Amanda Connolly is a reporter for The Next Web, currently based in London. Originally from Ireland, Amanda previously worked in press and ed
Amanda Connolly is a reporter for The Next Web, currently based in London. Originally from Ireland, Amanda previously worked in press and editorial at the Web Summit. She’s interested in all things tech, with a particular fondness for lifestyle and creative tech and the spaces where these intersect. Twitter
The app is available on Android and iOS and serves up content that’s suitable for kids of all ages. The aim is to give parents peace of mind when it comes to their children browsing and watching videos on YouTube.
Since its US launch, Google says the app has been downloaded over 10 million times. It hasn’t been without some controversy though – some consumer groups have raised concerns about the ads being shown on the app.
To give parents some assurance, Google has made it possible to deactivate the search function in the app.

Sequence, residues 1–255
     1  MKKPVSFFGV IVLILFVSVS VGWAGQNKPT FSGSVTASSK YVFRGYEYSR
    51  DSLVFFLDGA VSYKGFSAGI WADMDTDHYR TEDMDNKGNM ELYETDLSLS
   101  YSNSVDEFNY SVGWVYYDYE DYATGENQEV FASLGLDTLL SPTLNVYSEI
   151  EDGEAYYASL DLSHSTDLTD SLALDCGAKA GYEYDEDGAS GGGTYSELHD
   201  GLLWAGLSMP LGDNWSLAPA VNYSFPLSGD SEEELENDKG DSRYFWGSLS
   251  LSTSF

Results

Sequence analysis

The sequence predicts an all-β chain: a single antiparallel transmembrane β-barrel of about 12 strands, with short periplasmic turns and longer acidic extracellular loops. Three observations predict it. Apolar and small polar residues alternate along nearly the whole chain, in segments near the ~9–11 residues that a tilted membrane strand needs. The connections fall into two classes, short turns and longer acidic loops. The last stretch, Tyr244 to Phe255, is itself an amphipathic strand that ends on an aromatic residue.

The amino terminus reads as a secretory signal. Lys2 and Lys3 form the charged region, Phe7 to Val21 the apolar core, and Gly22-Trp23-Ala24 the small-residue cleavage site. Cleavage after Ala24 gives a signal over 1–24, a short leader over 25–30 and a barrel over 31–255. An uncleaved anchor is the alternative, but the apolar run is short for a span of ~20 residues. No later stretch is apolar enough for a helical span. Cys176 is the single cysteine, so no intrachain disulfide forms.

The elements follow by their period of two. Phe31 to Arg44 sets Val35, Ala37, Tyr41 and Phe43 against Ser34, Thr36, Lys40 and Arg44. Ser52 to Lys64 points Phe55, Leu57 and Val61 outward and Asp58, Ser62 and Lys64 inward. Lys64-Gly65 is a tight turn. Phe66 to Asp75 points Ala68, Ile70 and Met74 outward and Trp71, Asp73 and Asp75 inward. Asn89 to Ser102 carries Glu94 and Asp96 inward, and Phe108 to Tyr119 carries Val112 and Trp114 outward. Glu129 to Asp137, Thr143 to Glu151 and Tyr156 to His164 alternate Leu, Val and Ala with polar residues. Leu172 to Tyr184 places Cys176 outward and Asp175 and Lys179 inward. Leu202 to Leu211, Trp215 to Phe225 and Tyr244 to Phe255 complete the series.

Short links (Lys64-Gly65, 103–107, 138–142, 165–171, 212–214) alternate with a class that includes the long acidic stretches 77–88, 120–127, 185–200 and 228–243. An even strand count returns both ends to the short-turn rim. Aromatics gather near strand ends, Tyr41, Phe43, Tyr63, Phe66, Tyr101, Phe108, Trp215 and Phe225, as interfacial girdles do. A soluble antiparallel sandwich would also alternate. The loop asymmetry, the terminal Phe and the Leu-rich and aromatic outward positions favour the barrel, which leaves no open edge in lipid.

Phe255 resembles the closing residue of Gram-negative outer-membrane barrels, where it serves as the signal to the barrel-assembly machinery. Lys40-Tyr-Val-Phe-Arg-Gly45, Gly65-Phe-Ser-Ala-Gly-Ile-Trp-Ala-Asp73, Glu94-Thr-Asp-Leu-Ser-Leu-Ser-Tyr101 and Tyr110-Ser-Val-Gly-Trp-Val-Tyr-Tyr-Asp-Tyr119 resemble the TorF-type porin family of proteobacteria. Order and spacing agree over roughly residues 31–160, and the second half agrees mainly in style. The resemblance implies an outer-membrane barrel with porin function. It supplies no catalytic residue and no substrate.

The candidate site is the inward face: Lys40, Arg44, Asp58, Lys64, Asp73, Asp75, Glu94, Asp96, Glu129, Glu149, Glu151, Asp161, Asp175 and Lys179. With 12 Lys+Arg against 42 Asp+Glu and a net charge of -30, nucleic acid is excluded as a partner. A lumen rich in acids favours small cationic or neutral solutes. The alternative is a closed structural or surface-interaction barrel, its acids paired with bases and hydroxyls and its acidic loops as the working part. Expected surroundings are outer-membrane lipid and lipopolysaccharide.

That means that the only videos available will be the featured ones on the homescreen, which are recommended by YouTube and avoids the possibility of children finding something their parents deem inappropriate through search.
There’s also a timer mode that lets parents determine when videos stop playing and it’s possible to set a passcode to prevent children from accessing the settings area of the app.
All in all, this is good news for kids in the UK and Ireland (and their parents) – it’s one way of allowing children to be more independent in their discovery and learning on the Web without having to worry about what’s going to turn up.